Symbols of U.S. Government:
The bald eagle is a large, powerful, brown bird with a white head and tail. The term "bald" does not mean that this bird lacks feathers. Instead, it comes from the word piebald, an old word, meaning "marked with white."
The bald eagle was made the national bird of the United States in 1782. The image of the bald eagle can be found in many places in the U.S., such as on the Great Seal, Federal agency seals, the President's flag, and on the one-dollar bill.
Why was the bald eagle chosen as our national symbol?
The Founding Fathers wanted to choose an animal that was unique to the United States. For six years, the members of Congress engaged in a dispute over what the national emblem should be. As a result of the debate, the bald eagle was chosen because it symbolized strength, courage, freedom, and immortality and that it would look much better as our national symbol.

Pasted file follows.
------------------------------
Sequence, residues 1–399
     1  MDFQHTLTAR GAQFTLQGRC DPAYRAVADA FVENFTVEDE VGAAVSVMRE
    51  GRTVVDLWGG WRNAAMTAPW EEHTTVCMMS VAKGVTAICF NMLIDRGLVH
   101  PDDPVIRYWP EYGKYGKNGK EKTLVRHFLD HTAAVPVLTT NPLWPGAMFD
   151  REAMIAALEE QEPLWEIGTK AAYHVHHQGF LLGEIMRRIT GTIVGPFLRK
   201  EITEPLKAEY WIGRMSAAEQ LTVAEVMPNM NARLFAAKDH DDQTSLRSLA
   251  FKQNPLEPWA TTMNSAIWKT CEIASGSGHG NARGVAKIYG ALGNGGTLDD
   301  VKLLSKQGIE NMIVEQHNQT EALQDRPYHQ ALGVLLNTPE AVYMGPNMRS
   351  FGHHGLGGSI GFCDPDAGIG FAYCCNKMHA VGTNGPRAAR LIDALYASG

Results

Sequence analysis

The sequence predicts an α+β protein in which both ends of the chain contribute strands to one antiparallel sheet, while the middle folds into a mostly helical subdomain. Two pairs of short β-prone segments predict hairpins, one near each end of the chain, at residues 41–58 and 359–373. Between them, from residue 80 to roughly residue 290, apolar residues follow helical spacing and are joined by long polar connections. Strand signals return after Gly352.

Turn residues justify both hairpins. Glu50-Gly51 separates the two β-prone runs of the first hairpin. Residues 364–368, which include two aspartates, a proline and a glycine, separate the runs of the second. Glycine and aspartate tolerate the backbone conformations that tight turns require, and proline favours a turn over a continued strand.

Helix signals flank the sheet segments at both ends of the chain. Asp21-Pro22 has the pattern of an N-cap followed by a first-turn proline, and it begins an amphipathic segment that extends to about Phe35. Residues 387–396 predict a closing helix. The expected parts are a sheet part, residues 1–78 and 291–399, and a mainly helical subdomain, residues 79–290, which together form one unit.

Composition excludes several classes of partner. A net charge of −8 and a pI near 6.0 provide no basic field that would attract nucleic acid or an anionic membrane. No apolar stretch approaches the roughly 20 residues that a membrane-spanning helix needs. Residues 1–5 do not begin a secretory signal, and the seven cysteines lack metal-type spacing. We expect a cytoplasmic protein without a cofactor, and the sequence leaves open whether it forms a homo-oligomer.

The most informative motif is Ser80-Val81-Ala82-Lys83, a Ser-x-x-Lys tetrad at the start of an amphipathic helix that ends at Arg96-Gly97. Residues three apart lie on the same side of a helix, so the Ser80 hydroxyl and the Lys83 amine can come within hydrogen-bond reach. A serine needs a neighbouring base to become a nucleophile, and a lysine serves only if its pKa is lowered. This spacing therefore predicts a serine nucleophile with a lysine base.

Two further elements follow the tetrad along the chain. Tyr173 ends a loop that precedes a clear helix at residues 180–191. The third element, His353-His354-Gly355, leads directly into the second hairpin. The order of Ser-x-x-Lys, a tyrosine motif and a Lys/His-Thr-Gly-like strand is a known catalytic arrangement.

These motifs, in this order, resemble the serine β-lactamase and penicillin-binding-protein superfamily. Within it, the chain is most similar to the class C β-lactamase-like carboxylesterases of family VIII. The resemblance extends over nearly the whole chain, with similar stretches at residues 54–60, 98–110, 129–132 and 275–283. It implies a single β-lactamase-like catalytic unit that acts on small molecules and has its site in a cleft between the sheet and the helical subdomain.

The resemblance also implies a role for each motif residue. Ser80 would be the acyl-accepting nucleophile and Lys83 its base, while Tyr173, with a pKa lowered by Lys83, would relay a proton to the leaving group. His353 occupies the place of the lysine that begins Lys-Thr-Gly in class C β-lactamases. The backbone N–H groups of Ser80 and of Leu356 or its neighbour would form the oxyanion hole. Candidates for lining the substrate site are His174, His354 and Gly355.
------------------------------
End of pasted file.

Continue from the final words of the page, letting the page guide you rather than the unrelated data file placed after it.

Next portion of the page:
When Europeans first arrived on the North American continent in the 1600's, there were an estimated 25,000 to 50,000 bald eagles, but populations have since dropped for many reasons. Many eagles were captured for getting too close to poultry or fishing nets; some were captured for falconry; and many eagles were poisoned by pesticides. In 1967, the bald eagle was included on the Endangered Species List. Federal laws, such as the Bald Eagle Protection Act, protect the bald eagle and have led to the recovery of bald eagle populations. In 2007, populations have improved and the the bald eagle was removed from the list.
To learn more, check out the following links: